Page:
The luncheon meeting between Neiman, Gourlay, and Casselman was arranged for October 14, 1974, during a visit Gourlay was making to Chicago for other reasons. The accounts of the meeting presented in the depositions of Neiman and Casselman and the affidavit of Gourlay vary significantly. Neiman testified that in addition to asking many questions about the tax shelter device, silver trading, the Wolff firm, and Gourlay's relationship to Wolff, Neiman discussed with Gourlay the I. Rochester loan agreement form and asked for two specific changes on the form, which Gourlay said could be made.3 Neiman also testified that he and Gourlay discussed Wolff's commission rate, Neiman asking that it be reduced and Gourlay stating that it could not be reduced. Neiman concedes that no specific amounts of silver purchases were discussed but asserts that he did tell Gourlay that he would place substantial orders if the transactions could be handled as Gourlay had outlined.
Neiman also testified that after lunch, while he and Gourlay were sharing a taxicab, he told Gourlay that if the changes he wanted in the I. Rochester form of loan agreement were made, Neiman "thought we had a very large thing going."
Gourlay's version of the meeting, as stated in his affidavit, was that he explained the cash-and-carry transaction and "pointed out to Neiman that its attractiveness would depend on his individual financial and tax circumstances, and suggested that the situation could only be evaluated by him and his tax and financial advisers." Gourlay states that no proposals were made by any of the parties.
The version Casselman gave in his deposition was that Neiman asked many questions about the tax shelter device and silver trading. He could not recall any discussion about the loan agreement form or the nature of the Wolff firm and its business. Casselman testified that Gourlay did not solicit business from Neiman but merely answered his questions.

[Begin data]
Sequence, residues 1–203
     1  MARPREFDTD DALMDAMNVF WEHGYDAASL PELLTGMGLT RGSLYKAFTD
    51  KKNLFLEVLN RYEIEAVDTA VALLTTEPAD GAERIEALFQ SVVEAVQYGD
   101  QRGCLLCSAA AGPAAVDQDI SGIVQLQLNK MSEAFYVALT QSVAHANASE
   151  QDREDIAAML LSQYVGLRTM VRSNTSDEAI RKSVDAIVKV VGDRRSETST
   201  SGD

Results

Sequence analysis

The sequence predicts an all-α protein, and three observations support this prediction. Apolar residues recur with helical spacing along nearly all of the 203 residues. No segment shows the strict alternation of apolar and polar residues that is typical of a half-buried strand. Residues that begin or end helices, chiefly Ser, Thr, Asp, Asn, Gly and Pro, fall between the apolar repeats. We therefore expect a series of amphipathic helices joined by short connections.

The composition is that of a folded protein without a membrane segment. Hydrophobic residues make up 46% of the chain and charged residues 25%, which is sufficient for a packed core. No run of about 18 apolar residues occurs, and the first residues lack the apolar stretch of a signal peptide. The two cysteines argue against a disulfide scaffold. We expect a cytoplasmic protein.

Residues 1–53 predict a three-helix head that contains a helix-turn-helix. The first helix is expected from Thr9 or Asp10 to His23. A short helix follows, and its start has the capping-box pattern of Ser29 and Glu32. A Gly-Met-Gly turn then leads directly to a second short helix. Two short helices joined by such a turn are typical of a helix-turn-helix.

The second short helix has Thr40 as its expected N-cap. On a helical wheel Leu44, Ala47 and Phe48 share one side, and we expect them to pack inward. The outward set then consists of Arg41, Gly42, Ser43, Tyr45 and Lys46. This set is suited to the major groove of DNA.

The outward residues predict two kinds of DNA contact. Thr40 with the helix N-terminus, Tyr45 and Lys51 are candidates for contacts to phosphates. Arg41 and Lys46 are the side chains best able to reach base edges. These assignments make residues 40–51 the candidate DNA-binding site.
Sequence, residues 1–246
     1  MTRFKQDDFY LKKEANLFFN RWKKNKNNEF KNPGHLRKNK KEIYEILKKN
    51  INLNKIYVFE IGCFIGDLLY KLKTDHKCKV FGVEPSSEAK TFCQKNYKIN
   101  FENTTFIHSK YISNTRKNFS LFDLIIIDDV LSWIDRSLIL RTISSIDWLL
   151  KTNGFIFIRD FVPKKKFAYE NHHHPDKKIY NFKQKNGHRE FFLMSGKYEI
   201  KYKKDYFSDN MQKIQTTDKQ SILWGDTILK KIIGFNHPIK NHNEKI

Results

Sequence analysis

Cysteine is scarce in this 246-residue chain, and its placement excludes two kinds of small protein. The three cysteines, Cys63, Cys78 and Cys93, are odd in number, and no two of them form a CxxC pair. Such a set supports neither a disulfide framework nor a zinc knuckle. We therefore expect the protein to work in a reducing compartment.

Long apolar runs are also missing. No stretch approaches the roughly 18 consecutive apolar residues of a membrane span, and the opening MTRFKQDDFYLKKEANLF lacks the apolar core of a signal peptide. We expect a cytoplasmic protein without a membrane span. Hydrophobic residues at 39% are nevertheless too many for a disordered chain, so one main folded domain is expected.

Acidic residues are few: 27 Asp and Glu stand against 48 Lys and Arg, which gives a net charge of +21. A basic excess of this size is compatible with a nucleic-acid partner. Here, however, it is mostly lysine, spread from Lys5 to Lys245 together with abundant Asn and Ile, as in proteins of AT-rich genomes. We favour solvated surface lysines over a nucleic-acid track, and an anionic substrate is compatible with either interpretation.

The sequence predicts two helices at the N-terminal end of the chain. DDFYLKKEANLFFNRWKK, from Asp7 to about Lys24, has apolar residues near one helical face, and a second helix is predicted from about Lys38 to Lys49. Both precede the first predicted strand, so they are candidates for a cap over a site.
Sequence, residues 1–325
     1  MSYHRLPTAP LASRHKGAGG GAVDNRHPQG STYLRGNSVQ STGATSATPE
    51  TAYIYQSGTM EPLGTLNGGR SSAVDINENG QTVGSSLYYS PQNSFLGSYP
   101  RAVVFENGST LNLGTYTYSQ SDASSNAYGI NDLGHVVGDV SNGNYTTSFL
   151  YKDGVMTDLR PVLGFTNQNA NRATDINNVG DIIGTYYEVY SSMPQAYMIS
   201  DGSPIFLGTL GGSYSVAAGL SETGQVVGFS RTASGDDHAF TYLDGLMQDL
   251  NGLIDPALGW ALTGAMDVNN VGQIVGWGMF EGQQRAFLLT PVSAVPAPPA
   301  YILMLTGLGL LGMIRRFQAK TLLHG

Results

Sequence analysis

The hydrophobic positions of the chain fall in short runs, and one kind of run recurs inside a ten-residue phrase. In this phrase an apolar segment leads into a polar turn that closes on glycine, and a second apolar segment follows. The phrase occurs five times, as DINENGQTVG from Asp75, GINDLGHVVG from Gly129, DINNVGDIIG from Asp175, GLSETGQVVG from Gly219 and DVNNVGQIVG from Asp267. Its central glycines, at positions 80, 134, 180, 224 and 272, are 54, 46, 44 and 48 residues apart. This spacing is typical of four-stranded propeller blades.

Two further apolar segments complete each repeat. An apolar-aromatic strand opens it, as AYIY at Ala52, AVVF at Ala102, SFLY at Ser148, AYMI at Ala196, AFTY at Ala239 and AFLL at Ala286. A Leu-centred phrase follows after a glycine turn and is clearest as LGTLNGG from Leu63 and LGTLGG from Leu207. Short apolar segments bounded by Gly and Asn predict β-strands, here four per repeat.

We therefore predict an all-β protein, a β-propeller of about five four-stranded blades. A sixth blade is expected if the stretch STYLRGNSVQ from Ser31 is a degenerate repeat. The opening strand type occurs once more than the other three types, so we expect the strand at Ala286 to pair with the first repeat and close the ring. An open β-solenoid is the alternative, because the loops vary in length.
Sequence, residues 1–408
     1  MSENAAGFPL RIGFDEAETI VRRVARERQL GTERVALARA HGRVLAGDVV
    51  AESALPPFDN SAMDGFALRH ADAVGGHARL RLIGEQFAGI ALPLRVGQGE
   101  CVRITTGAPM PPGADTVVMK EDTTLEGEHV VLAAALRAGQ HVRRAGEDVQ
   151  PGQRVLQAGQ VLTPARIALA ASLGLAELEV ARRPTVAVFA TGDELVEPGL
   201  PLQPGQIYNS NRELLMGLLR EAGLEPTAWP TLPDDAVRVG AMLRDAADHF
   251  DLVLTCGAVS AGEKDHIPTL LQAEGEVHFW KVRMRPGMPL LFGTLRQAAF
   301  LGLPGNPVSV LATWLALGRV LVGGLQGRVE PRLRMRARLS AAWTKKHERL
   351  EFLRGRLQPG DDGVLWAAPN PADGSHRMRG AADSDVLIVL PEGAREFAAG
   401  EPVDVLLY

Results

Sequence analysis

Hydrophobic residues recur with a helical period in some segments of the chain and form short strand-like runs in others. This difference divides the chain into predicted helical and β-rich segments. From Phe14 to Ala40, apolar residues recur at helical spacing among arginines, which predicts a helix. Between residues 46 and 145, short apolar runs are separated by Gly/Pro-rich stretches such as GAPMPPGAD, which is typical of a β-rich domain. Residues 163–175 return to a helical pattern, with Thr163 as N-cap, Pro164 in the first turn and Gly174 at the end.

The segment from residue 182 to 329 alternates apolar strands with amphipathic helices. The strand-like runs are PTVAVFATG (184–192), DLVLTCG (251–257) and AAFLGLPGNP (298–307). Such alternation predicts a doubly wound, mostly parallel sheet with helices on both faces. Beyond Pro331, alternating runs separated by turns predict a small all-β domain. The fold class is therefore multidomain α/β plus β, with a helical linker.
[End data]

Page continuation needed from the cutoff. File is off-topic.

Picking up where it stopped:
In November 1974 Neiman, in the name of "the London Group," placed four orders for cash-and-carry transactions with Gourlay. The orders were placed through Casselman, who by then had moved to Florida. During the next few months Neiman placed three more orders directly with Gourlay on behalf of the London Group. As a result of these orders seven cash-and-carry transactions were concluded on the London Silver Market for the purchase and sale for future delivery of a total of 16,601,000 ounces of silver. All the transactions were handled by Wolff and financed by I. Rochester in the manner Gourlay had described in his conversations with Casselman and his associates and in his conversation of October 14, 1974 with Casselman and Neiman. The purchases were confirmed by written confirmation notices sent by Wolff to Neiman. These are the transactions out of which the claims in suit arise.
Neiman has also presented evidence that Wolff, through Gourlay, had other contacts with Illinois during this period. Specifically, Ronald Richter testified by way of deposition about two meetings with Gourlay in Chicago, in October, 1974 and October, 1975. At these two meetings, each of which lasted less than an hour, Richter and Gourlay concluded cash-and-carry transactions involving $49 million worth of silver and option contracts for silver worth hundreds of millions of dollars. The terms of the cash-and-carry transactions had been worked out prior to the meeting, but Gourlay wanted to meet Richter and persons who knew Richter before concluding the transactions. In addition, smaller details were settled and the terms were perhaps clarified. Richter had only casually mentioned option contracts over the telephone prior to the meetings. Gourlay then successfully solicited Richter's business during their meetings.
Neiman's amended complaint alleges claims for breach of contract against Wolff and Gourlay and an alternative claim for breach of warranty of authority against Gourlay. Also alleged is a claim against both defendants for what is designated as "common law fraud" but is later described as a conspiracy "to deprive Neiman of the benefits of his contracts with Wolff." We consider first the issue of jurisdiction over the claims sounding in contract.
Plaintiff's argument that, by reason of the events described above, Gourlay and Wolff were doing business in Illinois in 1974 in the traditional sense, requires little discussion. Mere occasional solicitation does not subject a defendant to the state's jurisdiction generally, i. e., as to claims not arising from the solicitation. Lindley v. St. Louis-San Francisco Ry., 407 F.2d 639, 642-43 (7th Cir. 1968); Scheidt v. Young, 389 F.2d 58 (3d Cir. 1968); Long v. Victor Products Corp., 297 F.2d 577 (8th Cir. 1961). Nor do isolated, sporadic transactions with residents of the forum state. See Charia v. Cigarette Racing Team, Inc., 583 F.2d 184, 189 (5th Cir. 1978). Nor does the acceptance elsewhere of orders resulting from the solicitation, which necessarily includes mailing confirmations into the state. See Bersch v. Drexel Firestone, Inc., 519 F.2d 974, 998-99 (2d Cir.), cert. denied, 423 U.S. 1018, 96 S. Ct. 453, 46 L. Ed. 2d 389 (1975). Accordingly, the assertion of personal jurisdiction over Gourlay and Wolff must rest on the Illinois long-arm statute, § 17 of the Illinois Civil Practice Act.